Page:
Pants v2: Fast, consistent builds for Python and more

Welcome to the Pants v2 documentation hub!

Pants v2 is a fast, scalable build system for growing codebases. It's currently focused on Python, with support for other languages coming soon.

Here you'll find guides to help you get started with Pants v2, comprehensive documentation on how to configure, run and customize Pants v2, and information on how to get help from the Pants community.

Get Started

typecheck

How to use MyPy.

Activating MyPy

To opt-in, add pants.backend.python.typecheck.mypy to backend_packages in your config file.

[GLOBAL]
backend_packages.add = [
  "pants.backend.python",
  "pants.backend.python.typecheck.mypy",
]

This will register a new typecheck goal:

$ ./pants typecheck helloworld/util/lang.py
$ ./pants typecheck ::

👍

Benefit of Pants: typecheck Python 2-only and Python 3-only code at the same time

MyPy determines which Python version to use based on its python_version option. If that's undefined, MyPy uses the interpreter the tool is run with. Because you can only use one config file at a time with MyPy, you cannot normally say to use 2.7 for part of your codebase but 3.6 for the rest; you must choose a single version.

Instead, Pants will group your targets based on their interpreter constraints, and run all the Python 2 targets together and all the Python 3 targets together. It will automatically set python_version to the minimum compatible interpreter, such as a constraint like ["==2.7.*", ">3.6"] using 2.7.

To turn this off, you can still set python_version in mypy.ini or --python-version/--py2 in --mypy-args; Pants will respect the value you set.

Hook up a MyPy config file

Set the config option in the [mypy] scope:

[mypy]
config = "build-support/mypy.ini"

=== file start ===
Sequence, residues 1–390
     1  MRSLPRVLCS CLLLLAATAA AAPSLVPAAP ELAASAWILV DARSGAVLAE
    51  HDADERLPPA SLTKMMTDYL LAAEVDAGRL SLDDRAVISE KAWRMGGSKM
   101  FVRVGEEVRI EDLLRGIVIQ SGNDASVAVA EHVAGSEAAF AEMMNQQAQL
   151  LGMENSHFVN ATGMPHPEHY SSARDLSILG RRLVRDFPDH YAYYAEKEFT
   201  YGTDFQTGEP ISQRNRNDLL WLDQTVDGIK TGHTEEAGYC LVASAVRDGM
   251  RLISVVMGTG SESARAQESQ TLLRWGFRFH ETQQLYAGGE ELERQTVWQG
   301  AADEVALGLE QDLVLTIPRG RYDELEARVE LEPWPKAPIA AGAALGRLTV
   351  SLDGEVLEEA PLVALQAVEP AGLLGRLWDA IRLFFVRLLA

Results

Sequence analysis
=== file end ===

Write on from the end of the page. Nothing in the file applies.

Change the MyPy version

Use the version option in the [mypy] scope:

[mypy]
version = "mypy==0.782"

Type stubs (.pyi files)

You can use .pyi files for both first-party and third-party code. Include the .pyi files in the sources field for python_library and python_tests targets. MyPy will use these stubs rather than looking at the implementation.

Pants's dependency inference knows to infer a dependency both on the implementation and the type stub. You can verify this by running ./pants dependencies path/to/file.py.

When writing stubs for third-party libraries, you may need the set up the [source].root_patterns option so that source roots are properly stripped. For example:

[source]
root_patterns = ["mypy-stubs", "src/python"]
# Because we set `mypy-stubs` as a source root, this file will be 
# stripped to be simply `colors.pyi`. MyPy will look at this file for
# imports of the `colors` module.

def red(s: str) -> str: ...
python_library()
from colors import red

if __name__ == "__main__":
    print(red("I'm red!"))
# Pants will infer a dependency both on the `ansicolors` requirement
# and our type stub.
pex_binary(sources=["app.py"])

Add a third-party plugin

Add the plugin to the extra_requirements option in the [mypy] scope, then update your mypy.ini to load the plugin:

[mypy]
extra_requirements = ["pydantic==1.6.1"]
[mypy]
plugins =
    pydantic.mypy

For some plugins, like django-stubs, you may need to always load certain source files, such as a settings.py file. You can make sure that this source file is always used by hijacking the source_plugins option, which allows you to specify targets whose sources should always be used when running MyPy. See the below section for more information about source plugins.

For example, to fully use the django-stubs plugin, your setup might look like this:

[source]
root_patterns = ["src/python"]

[mypy]
extra_requirements = ["django-stubs==1.5.0"]
source_plugins = ["src/python/project:django_settings"]
[mypy]
plugins =
    mypy_django_plugin.main

[mypy.plugins.django-stubs]
django_settings_module = project.django_settings
from django.urls import URLPattern

DEBUG = True